Today you can catch all kinds of gigs at the Assembly Rooms, no longer the site of afternoon tea and formal dances, but still graciously replete with elegant mouldings and sweeping ceilings. There are an extraordinary number of independent shops and dining options, making Leamington burst with interesting things to do and see.
Hidden Travel Treasures: Go Wild In the country
There’s no doubt that England has some stunning National Parks. Even bits of the countryside that are not actually parks are renowned for their splendor, from the craggy landscapes of Cornwall to the rolling hills of Devon. But if you’d like to see a less well-known part of England’s wonderful countryside, then head north and west to the Forest of Bowland in Lancashire.
Just north of Preston, and nestling south of the blond university city of Lancaster, you’ll find the Area Of Outstanding Natural Beauty that is Bowland. Home to an amazing amount of wild flowers and other charms, the Forest of Bowland meanders from gentle river valleys full of grazing sheep to wild and wuthering moors. Here a few loitering cows in the road may be the only traffic you encounter for an hour or more.
Check the weather carefully, pack a picnic, and admire the amazing contrasts of this place. There are tiny villages, and the occasional shop, but mostly you’ll be on your own, crossing cattle grids with regularity, and watching the landscape change as you gain altitude. You’ll find footpaths that are far less trafficked, views you aren’t sharing with others, and a realisation that even in Bill Bryson’s “small island” you can find yourself truly alone.
Hidden Travel Treasures: Down to the sea
As that small island, we have rather a lot of coast. And there are so many popular places to visit, whether you focus on the sandy expanses of Holkham in Norfolk or the traditional seaside resorts such as Scarborough and Blackpool, Brighton and Torquay.
But if you want to find somewhere a little bit different, I’m suggesting you take the journey to the North Devon coast. Like some of the destinations I’ve suggested already, this is not the quickest place to reach. Despite the dual carriageway that will now take you to Barnstaple from Exeter, you’ll still need to drive a good half hour further to reach the first of the two places I’m recommending to you.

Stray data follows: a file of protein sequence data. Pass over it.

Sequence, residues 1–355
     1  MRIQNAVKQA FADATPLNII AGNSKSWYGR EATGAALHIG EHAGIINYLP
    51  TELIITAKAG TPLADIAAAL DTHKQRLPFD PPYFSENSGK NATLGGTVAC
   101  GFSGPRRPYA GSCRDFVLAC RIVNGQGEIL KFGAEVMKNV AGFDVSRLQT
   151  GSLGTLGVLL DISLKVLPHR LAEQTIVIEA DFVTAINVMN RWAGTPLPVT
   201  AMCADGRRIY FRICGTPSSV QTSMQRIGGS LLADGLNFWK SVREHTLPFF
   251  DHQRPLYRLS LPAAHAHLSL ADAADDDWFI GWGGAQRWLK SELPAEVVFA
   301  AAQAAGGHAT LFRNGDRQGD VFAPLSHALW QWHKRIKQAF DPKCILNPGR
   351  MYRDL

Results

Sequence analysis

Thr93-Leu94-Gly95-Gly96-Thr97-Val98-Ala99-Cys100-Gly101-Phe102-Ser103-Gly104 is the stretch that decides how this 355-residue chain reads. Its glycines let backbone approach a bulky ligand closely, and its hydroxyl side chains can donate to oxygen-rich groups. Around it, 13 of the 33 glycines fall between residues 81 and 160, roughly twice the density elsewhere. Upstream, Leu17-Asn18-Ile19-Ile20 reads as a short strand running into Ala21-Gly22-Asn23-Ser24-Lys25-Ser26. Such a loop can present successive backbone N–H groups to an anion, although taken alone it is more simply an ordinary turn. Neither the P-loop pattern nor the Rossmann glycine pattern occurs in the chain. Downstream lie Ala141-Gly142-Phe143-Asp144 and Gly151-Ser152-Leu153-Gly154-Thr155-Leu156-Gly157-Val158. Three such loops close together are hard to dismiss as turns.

Not far past the village of Braunton, with its fine chippy and a selection of restaurants and shops, you’ll find Saunton Sands. So flat and smooth it was used to practice the D-Day landings, Saunton Sands has a row of beach huts, a cafe, a couple of shops, and the kind of seaside of my childhood memories. Whether you body board, surf, explore the rock pools to the right of the bay or hire a hut and build a fine array of sand sculptures, it’s a place to let your inner child out to play.
Not far along the coast, you’ll find the contrast that is Hartland Quay. The rugged coast here, marked by a lighthouse on the headland, was renowned for shipwrecks, described along with smugglers’ tales in the small museum. You make your way to the Quay down a narrow, winding, switchback lane, and see the harsh magnificence of the rocky cliffs before you. You can clamber down to the rocky cove at low tide, maybe watching hanggliders soaring above. Or visit on a winter’s day, and see the spray pounding the rocks while you imagine the stoicism and bravery of the sailors who served this port.
Hidden Travel Treasures: Topping up the treasure chest
I’m always in search of more lesser-known treasures for my travel chest. Can you offer up any new places I should visit?
If you’re looking for an overview of England’s charms, I’d recommend you roam the corridors of Visit England, where you’ll find all kinds of details on places, accommodation and things to do.